-- Who is depicted?
It's a young woman which appears on this portrait.
-- Technical/Specification about the statue
High relief (or altorilievo, from Italian) is where in general more than half the mass of the sculpted figure projects from the background, indeed the most prominent elements of the composition, especially heads and limbs, are often completely undercut, detaching them from the field. The parts of the subject that are seen are normally depicted at their full depth, unlike low relief where the elements seen are "squashed" flatter. High-relief thus uses essentially the same style and techniques as free-standing sculpture, and in the case of a single figure gives largely the same view as a person standing directly in front of a free-standing statue would have. All cultures and periods in which large sculptures were created used this technique in monumental sculpture and architecture.
-- More about the artist
Luca della Robbia (1399/1400–1482) was an Italian sculptor from Florence, noted for his glazed terracotta roundels, in a technique he apparently developed himself. Though a leading sculptor in stone, after developing his technique in the early 1440s, he mainly produced terracotta thereafter, and passed the technique on to his nephew Andrea della Robbia and great-nephew Giovanni della Robbia. His large workshop produced both cheaper works cast from moulds in multiple versions, and more expensive one-off individually modelled pieces.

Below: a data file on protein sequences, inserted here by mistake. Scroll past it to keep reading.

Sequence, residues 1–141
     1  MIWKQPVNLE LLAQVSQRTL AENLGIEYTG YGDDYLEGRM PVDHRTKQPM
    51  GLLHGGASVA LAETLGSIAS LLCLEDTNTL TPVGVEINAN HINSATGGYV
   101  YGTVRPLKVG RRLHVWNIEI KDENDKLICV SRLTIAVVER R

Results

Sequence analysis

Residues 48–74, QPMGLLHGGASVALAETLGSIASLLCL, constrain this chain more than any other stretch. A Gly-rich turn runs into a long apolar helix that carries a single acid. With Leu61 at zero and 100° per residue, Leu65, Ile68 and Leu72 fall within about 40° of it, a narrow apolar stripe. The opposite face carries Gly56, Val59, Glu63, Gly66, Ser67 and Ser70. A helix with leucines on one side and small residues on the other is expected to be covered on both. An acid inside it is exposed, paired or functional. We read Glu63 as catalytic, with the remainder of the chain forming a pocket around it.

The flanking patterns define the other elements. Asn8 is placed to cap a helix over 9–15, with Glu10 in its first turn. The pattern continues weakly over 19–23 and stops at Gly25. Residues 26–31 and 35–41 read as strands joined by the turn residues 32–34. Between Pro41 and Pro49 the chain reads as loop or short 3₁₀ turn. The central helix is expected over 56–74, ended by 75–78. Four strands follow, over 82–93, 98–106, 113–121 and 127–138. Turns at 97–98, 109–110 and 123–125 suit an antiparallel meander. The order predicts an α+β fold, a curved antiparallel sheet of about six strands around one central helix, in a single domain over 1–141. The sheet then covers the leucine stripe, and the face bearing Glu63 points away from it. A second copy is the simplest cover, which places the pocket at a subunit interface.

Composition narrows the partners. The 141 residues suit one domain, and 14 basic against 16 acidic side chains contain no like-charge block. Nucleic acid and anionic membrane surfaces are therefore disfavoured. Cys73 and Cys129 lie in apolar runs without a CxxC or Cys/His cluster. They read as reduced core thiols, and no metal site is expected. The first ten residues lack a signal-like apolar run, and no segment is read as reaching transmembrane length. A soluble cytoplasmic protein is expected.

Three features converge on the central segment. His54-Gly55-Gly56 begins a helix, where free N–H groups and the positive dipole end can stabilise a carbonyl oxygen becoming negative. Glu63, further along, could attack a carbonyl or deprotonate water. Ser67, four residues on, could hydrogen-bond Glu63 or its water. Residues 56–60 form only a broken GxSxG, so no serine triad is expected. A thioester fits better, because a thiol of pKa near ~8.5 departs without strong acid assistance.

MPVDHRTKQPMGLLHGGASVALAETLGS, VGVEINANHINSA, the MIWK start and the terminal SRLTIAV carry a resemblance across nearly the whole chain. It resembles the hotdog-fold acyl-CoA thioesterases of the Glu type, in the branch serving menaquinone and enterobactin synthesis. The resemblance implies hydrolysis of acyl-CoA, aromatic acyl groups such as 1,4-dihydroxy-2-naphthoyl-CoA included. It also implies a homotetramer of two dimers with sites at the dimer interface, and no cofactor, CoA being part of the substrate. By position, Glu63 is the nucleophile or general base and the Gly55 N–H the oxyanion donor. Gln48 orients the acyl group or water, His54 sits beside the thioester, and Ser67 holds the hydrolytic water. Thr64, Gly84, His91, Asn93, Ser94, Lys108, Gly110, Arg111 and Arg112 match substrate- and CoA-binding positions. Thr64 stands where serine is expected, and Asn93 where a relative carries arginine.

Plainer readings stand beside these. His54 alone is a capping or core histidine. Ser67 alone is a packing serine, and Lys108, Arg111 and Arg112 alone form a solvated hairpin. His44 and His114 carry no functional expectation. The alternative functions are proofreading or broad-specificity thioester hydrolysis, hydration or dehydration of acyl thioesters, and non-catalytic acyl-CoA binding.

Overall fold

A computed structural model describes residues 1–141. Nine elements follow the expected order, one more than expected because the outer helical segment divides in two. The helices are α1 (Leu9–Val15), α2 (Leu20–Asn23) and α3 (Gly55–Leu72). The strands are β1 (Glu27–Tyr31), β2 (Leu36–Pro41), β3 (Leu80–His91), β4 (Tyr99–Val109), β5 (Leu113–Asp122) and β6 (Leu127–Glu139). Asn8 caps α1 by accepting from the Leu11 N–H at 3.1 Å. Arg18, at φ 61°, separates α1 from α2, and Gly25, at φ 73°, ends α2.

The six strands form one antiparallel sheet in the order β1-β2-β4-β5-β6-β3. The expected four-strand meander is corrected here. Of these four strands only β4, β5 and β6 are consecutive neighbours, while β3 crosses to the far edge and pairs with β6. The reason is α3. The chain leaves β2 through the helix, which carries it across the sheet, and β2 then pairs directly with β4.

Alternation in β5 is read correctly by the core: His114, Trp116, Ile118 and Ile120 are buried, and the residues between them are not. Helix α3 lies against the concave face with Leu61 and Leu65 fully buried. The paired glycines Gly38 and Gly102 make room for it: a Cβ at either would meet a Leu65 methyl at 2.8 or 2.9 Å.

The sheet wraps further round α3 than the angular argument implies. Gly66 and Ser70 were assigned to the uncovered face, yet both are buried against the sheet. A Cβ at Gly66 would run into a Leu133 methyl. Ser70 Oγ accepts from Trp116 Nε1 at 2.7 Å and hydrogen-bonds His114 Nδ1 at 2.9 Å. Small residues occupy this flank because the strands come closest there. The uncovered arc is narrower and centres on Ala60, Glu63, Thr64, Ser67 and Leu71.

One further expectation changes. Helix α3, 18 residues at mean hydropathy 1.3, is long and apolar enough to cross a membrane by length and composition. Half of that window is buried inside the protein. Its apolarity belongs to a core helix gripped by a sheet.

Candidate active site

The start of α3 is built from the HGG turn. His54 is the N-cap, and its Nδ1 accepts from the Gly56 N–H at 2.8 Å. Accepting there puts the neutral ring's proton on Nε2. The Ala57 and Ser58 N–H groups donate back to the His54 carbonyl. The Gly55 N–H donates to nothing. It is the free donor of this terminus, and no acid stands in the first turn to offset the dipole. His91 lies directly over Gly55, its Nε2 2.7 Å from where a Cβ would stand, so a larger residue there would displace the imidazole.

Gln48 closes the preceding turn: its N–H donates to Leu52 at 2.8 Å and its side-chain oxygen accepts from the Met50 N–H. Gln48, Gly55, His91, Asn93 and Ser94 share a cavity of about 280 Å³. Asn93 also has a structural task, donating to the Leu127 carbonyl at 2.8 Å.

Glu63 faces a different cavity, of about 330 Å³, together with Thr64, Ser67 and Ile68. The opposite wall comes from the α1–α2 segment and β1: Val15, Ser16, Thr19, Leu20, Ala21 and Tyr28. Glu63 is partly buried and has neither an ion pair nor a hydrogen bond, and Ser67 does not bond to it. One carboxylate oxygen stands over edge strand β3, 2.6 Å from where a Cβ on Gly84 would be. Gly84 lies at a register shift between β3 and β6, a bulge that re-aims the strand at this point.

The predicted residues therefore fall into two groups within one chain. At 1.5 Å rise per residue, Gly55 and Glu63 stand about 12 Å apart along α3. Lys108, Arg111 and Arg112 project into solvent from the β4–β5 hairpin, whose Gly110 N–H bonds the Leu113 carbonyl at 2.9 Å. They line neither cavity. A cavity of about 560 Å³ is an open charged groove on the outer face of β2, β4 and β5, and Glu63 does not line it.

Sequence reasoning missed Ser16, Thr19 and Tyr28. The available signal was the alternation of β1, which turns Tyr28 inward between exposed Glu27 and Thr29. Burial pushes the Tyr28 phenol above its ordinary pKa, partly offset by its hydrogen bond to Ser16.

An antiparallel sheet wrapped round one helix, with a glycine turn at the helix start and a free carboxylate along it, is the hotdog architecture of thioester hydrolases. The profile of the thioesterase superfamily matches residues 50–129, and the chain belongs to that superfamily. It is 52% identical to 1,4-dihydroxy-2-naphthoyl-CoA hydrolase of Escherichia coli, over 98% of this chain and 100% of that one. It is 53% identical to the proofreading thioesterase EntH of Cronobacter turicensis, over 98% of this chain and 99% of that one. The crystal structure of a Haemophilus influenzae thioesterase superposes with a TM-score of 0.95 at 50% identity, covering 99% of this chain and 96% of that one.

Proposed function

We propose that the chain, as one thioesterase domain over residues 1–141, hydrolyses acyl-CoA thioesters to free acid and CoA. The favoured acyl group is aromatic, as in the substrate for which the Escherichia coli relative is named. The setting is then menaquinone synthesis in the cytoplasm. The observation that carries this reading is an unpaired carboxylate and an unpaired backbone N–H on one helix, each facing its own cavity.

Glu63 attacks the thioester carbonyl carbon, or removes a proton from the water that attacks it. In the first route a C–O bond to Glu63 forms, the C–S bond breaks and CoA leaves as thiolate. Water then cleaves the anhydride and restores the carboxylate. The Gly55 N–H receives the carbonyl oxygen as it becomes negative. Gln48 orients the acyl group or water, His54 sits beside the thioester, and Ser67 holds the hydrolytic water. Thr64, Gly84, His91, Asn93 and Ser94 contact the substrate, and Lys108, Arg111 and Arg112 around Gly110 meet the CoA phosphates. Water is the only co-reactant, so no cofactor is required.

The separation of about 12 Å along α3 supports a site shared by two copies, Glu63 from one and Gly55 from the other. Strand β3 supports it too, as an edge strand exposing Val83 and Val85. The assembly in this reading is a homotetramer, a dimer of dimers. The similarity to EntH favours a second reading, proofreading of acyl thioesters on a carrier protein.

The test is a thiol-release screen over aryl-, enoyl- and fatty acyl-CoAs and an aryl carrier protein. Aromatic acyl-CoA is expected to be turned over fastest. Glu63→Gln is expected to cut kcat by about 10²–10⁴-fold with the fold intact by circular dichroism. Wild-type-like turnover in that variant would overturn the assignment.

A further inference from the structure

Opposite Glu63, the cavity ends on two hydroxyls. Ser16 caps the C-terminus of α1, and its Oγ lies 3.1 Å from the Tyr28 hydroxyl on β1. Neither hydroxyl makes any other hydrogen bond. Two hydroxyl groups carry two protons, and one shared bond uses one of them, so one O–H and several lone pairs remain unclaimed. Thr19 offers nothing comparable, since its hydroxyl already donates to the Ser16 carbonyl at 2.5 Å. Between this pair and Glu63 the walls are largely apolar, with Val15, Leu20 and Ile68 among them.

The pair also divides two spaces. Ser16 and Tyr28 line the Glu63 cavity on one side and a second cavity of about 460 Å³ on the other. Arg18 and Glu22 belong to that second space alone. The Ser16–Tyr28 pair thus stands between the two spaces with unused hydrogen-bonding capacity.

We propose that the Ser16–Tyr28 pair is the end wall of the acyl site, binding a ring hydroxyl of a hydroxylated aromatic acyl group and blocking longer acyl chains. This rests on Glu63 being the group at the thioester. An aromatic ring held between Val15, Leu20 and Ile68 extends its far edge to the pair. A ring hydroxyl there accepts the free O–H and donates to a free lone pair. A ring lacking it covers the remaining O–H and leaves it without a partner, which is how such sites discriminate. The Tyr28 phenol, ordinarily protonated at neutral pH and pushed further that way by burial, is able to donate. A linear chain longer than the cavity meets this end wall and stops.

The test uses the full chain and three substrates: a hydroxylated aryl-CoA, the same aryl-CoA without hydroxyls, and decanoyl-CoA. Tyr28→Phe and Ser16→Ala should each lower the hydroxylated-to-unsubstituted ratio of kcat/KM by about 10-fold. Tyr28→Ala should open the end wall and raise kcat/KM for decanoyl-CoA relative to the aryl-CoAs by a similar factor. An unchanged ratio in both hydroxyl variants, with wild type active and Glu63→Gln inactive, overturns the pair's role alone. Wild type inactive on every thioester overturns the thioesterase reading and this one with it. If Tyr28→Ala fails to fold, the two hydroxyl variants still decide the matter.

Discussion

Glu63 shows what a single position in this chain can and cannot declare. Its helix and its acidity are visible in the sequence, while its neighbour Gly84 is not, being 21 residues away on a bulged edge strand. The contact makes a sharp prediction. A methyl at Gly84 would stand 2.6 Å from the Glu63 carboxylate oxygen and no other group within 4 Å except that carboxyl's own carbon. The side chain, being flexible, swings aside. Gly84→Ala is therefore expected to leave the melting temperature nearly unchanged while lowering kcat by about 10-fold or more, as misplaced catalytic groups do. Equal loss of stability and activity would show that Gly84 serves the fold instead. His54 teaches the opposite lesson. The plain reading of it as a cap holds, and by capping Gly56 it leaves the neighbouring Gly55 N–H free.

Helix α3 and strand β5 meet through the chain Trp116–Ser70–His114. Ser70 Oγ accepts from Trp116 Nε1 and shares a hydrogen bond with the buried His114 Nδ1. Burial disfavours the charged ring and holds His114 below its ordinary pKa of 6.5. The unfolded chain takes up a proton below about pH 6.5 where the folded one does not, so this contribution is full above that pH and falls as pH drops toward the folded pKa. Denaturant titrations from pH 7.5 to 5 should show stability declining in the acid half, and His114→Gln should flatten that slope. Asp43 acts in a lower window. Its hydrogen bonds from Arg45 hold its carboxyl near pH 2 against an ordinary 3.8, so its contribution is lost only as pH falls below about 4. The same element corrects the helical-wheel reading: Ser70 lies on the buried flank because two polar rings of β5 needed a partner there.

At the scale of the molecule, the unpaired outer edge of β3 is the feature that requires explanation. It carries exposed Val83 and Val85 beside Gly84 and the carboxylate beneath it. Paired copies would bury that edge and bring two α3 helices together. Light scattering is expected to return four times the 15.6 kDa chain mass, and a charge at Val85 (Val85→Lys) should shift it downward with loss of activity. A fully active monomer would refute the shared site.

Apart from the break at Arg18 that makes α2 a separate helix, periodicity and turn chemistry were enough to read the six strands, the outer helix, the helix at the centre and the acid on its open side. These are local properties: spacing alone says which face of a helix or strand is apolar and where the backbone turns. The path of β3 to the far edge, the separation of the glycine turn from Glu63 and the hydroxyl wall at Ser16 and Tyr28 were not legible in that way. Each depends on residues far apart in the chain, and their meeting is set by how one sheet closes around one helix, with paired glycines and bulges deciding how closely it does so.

The glaze made his creations more durable in the outdoors and thus suitable for use on the exterior of buildings. His work is noted for its charm rather than the drama of the work of some of his contemporaries. Two of his famous works are The Nativity, c. 1460 and Madonna and Child, c. 1475. In stone his most famous work is also his first major commission, the choir gallery or "cantoria" in Florence Cathedral (1431–1438).